Scott wrote: “Within minutes of American airlines Flight 77 hitting the Pentagon on Sept. 11, Air National Guard F-16s took off from here [Andrews AFB, MD] in response to a plea from the White House to ‘Get in the air now’.”  That establishes a takeoff time prior to 9:45, which is not possible.  It is no wonder that Lynn Spencer had so much difficulty with time compression in her own narrative concerning the Andrews fighters.  Three of the available seven pilots were in the skies over North Carolina.. The other four had no planes immediately ready for use.The first Andrews fighter airborne, Hutchison just returning from North Carolina, lifted off a hour later than Scott’s narrative has it.

The Realm of Speculation

I leave it to the reader to rationalize what might have happened.  As you do so consider these points.

First, in my article on the Battle of 9-11 I make reference to rules of engagement and to my work on this last Scott article.  I wrote: “All informal time-distance analyses that I have worked through in my mind [given a scramble at 9:09] indicate that AA 77 and the Langley fighters would have arrived over greater DC skies at about the same time. And the unanswered question is, “then what?””

Second, I have worked through in my mind the time distance factors for both the Otis and Langley fighters and in the most perfect of worlds there is a slender chance that the Otis fighters would have arrived over a heavily populated area at the same time as did UA 175.  There is a slightly less slender chance that AA 77 and the Langley fighters would have also arrived over a heavily populated area at the same time.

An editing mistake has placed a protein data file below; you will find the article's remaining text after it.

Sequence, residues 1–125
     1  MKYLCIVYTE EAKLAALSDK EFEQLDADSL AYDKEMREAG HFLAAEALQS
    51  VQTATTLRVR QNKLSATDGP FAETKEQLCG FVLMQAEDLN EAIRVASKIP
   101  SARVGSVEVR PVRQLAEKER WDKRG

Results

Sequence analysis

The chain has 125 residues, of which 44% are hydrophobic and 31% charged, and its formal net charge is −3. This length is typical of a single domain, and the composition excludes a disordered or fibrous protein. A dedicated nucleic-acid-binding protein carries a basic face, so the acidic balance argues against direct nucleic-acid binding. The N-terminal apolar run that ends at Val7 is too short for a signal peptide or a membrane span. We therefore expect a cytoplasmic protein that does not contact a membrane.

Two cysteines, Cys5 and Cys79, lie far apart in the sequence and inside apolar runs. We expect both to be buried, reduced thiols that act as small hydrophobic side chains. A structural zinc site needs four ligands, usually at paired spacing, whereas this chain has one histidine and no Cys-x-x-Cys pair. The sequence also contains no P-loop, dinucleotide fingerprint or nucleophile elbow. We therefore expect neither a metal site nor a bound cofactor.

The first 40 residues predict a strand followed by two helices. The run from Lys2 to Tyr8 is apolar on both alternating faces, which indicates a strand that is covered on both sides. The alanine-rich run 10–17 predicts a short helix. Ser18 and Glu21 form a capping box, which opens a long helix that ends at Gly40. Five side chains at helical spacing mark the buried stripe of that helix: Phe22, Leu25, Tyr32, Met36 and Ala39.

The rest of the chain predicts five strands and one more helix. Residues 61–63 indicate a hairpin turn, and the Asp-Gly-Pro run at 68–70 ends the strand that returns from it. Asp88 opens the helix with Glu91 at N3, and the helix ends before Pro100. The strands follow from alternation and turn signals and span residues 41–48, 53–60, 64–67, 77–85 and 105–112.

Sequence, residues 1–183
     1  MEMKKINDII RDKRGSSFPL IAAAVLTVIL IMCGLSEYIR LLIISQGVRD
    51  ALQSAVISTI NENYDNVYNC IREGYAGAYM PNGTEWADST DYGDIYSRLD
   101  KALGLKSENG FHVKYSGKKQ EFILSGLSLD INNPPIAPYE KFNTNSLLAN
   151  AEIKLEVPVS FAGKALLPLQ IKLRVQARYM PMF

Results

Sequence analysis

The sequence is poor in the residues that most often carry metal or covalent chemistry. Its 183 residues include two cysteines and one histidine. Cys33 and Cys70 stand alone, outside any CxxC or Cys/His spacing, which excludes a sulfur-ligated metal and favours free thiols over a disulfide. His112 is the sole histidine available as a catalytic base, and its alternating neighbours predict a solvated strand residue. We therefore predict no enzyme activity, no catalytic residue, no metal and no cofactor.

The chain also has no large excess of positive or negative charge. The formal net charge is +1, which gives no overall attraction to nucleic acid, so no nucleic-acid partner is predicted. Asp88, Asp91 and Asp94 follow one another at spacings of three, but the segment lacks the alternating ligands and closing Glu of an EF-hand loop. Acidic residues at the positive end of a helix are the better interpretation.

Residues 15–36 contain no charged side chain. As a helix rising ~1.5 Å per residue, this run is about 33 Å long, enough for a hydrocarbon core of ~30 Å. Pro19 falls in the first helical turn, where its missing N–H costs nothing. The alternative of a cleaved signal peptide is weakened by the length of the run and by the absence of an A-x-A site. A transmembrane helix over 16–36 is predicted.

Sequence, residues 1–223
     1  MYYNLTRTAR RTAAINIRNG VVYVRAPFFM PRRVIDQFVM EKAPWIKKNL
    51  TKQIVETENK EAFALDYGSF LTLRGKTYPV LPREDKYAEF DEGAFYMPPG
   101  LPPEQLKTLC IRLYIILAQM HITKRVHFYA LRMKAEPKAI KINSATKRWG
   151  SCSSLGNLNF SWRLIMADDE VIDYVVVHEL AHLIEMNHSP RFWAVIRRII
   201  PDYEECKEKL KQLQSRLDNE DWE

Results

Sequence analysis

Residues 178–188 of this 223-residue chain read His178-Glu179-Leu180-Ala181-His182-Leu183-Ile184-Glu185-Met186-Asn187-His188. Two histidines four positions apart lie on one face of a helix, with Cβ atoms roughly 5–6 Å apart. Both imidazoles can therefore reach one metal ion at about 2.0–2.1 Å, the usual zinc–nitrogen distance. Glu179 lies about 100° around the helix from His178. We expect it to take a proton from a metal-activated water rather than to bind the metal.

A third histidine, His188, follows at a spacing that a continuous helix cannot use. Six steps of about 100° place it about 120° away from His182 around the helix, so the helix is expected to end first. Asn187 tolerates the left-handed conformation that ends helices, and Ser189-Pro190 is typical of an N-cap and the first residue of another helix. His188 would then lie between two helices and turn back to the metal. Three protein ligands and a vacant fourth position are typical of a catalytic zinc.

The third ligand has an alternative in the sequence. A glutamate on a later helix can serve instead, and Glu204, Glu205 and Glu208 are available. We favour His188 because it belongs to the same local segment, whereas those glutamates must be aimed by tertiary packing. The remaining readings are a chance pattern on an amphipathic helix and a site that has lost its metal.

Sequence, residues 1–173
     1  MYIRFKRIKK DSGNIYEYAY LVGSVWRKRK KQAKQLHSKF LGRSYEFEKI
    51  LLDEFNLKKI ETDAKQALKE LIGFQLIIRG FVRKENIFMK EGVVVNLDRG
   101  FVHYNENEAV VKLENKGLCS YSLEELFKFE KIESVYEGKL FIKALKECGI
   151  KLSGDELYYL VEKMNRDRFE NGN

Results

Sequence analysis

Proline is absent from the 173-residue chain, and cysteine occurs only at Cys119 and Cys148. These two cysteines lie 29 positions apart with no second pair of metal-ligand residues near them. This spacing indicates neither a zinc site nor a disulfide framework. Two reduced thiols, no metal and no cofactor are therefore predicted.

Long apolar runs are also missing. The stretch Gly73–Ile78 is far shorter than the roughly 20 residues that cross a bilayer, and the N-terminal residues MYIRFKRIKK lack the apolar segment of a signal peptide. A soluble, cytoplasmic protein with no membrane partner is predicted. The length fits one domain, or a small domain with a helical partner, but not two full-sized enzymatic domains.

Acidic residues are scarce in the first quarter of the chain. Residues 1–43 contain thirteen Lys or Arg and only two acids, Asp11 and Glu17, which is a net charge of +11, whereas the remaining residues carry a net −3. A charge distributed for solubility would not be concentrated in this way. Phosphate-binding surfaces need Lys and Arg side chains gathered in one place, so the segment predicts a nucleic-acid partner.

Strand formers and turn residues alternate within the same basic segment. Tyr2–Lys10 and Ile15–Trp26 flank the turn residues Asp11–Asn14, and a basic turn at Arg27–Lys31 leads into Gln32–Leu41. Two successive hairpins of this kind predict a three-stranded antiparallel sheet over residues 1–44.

Third, arriving on the scene and actually intercepting a target are two very different things.  It takes time, time the pilots would likely not have had.

Fourth, there is the issue of authority and authentication.  That, too, takes time.

Finally, there is the cognitive problem for the reader of where is it, exactly, the two hijacked airliners are going to go down?

With the possible exception of UA 93, NORAD was not going to take lives in the air to save lives on the ground, despite their rationalization.

AA 11 and UA 93

The Otis pilots had no chance to defend against AA11.  FAA declared a hijack at 9:25.  It took NEADS, once alerted, the Otis pilots, once scrambled, (edited Nov 1, 2009) on the order of thirteen minutes to get fighters (edited Nov 1, 2009) airborne.  Air defense fighters fly at ‘military power,’ maximum subsonic.  NORAD specified in its timeline a rate of advance of .9 mach.  That approximates 9 nautical miles per minute.  It is nearly 170 nautical miles from Otis to Manhattan according to Google Earth.  I leave it to the reader to do the math.

The Langley pilots were in position to do something about UA 93, but they had no authority to engage.  That is the one plane that could have been engaged to save lives on the ground.  Except the passengers and crew aboard UA 93 had already figured that out for themselves.

A Final Observation

We have now completed a review of the Scott Trilogy.  That body of work together with other published information in the aftermath of 9-11 established a story that was simply not true.  The quote at the top of my home page is the Staff’s summation of the situation as we found it.